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Research Papers

Heat Transfer Enhancement in a Rectangular (AR = 3:1) Channel With V-Shaped Dimples

[+] Author and Article Information
Lesley M. Wright

e-mail: Lesley_Wright@Baylor.edu
Department of Mechanical Engineering
Baylor University
Waco, TX 76798-7356

Contributed by the International Gas Turbine Institute (IGTI) of ASME for publication in the JOURNAL OF TURBOMACHINERY. Manuscript received July 31, 2011; final manuscript received August 20, 2011; published online October 30, 2012. Editor: David Wisler.

J. Turbomach 135(1), 011028 (Oct 30, 2012) (10 pages) Paper No: TURBO-11-1169; doi: 10.1115/1.4006422 History: Received July 31, 2011; Revised August 20, 2011

An alternative to ribs for internal heat transfer enhancement of gas turbine airfoils is dimpled depressions. Relative to ribs, dimples incur a reduced pressure drop, which can increase the overall thermal performance of the channel. This experimental investigation measures detailed Nusselt number ratio distributions obtained from an array of V-shaped dimples (δ/D = 0.30). Although the V-shaped dimple array is derived from a traditional hemispherical dimple array, the V-shaped dimples are arranged in an in-line pattern. The resulting spacing of the V-shaped dimples is 3.2D in both the streamwise and spanwise directions. A single wide wall of a rectangular channel (AR = 3:1) is lined with V-shaped dimples. The channel Reynolds number ranges from 10,000–40,000. Detailed Nusselt number ratios are obtained using both a transient liquid crystal technique and a newly developed transient temperature sensitive paint (TSP) technique. Therefore, the TSP technique is not only validated against a baseline geometry (smooth channel), but it is also validated against a more established technique. Measurements indicate that the proposed V-shaped dimple design is a promising alternative to traditional ribs or hemispherical dimples. At lower Reynolds numbers, the V-shaped dimples display heat transfer and friction behavior similar to traditional dimples. However, as the Reynolds number increases to 30,000 and 40,000, secondary flows developed in the V-shaped concavities further enhance the heat transfer from the dimpled surface (similar to angled and V-shaped rib induced secondary flows). This additional enhancement is obtained with only a marginal increase in the pressure drop. Therefore, as the Reynolds number within the channel increases, the thermal performance also increases. While this trend has been confirmed with both the transient TSP and liquid crystal techniques, TSP is shown to have limited capabilities when acquiring highly resolved detailed heat transfer coefficient distributions.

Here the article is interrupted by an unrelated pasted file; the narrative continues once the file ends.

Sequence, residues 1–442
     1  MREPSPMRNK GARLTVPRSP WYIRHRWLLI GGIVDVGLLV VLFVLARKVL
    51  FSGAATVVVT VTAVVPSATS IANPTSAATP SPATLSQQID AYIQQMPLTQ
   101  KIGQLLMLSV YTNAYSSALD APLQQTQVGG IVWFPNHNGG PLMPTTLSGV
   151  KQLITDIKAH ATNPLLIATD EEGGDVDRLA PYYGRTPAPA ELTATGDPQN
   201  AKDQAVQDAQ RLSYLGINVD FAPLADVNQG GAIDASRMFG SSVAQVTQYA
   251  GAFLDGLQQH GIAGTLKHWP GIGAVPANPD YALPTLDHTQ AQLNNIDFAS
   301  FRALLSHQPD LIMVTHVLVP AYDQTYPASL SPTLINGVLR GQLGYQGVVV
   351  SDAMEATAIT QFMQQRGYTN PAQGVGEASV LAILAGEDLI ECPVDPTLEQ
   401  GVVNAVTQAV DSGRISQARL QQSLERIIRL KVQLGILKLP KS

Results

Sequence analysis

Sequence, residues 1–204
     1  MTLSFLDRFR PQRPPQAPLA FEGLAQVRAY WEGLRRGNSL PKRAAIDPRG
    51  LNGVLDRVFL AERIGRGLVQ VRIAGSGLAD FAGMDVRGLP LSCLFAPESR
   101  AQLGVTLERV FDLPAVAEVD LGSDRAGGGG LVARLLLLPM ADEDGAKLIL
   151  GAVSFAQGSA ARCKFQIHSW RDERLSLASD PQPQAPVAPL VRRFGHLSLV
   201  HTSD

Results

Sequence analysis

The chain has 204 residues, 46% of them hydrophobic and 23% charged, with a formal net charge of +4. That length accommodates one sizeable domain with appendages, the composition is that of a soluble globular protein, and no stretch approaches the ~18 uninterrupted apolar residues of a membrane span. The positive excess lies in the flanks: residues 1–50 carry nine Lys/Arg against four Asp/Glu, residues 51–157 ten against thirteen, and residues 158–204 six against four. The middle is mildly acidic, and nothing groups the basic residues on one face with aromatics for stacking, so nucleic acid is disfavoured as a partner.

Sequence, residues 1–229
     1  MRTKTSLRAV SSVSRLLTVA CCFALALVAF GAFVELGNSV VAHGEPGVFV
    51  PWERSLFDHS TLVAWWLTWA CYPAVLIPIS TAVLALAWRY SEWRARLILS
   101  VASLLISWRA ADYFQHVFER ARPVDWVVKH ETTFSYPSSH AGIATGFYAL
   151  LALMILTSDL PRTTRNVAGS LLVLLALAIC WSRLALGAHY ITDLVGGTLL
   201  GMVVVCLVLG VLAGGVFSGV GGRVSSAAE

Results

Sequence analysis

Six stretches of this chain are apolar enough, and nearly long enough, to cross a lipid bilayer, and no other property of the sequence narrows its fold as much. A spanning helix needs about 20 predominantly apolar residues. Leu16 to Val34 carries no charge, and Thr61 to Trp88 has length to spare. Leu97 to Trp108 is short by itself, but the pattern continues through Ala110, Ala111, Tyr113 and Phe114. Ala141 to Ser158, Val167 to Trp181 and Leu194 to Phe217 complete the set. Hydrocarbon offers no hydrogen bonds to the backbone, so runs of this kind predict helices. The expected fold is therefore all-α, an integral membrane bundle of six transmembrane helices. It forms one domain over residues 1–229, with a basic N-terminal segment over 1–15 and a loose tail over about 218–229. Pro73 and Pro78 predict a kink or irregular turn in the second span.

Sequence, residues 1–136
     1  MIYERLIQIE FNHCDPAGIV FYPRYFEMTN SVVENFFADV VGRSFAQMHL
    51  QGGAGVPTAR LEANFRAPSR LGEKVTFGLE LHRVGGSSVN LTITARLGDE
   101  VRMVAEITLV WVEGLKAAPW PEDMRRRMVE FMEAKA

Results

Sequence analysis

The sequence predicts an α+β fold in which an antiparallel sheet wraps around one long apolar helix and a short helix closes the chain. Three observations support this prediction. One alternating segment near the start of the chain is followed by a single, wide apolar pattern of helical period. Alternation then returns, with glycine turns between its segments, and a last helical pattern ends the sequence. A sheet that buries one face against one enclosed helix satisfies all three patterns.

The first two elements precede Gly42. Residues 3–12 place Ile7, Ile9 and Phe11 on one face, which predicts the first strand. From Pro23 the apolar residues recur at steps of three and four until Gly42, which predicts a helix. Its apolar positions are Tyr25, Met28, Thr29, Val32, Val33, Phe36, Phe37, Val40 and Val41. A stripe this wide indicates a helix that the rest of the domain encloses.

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Figures

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Fig. 1

TSP calibration curve

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Fig. 2

Overview of experimental setup

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Fig. 3

Dimple roughened channel details

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Fig. 4

V-shaped dimple details

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Fig. 5

Detailed Nusselt number ratio distributions from TLC ((a)–(d)) and TSP ((e)–(h))

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Fig. 6

Detailed Nusselt number ratios from TLC

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Fig. 7

Conceptual view of V-shaped dimple induced secondary flow

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Fig. 8

Centerline Nusselt number distributions

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Fig. 9

Spanwise Nusselt number ratio distributions at trailing edge of V-shaped dimple

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Fig. 10

Effect of streamwise location on the spanwise Nusselt number ratio

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Fig. 11

Comparison of transient TLC and TSP techniques

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Fig. 12

Average Nusselt number ratio comparison with previous studies

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Fig. 13

Friction factor ratio comparison with previous studies

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Fig. 14

Thermal performance comparison with previous studies

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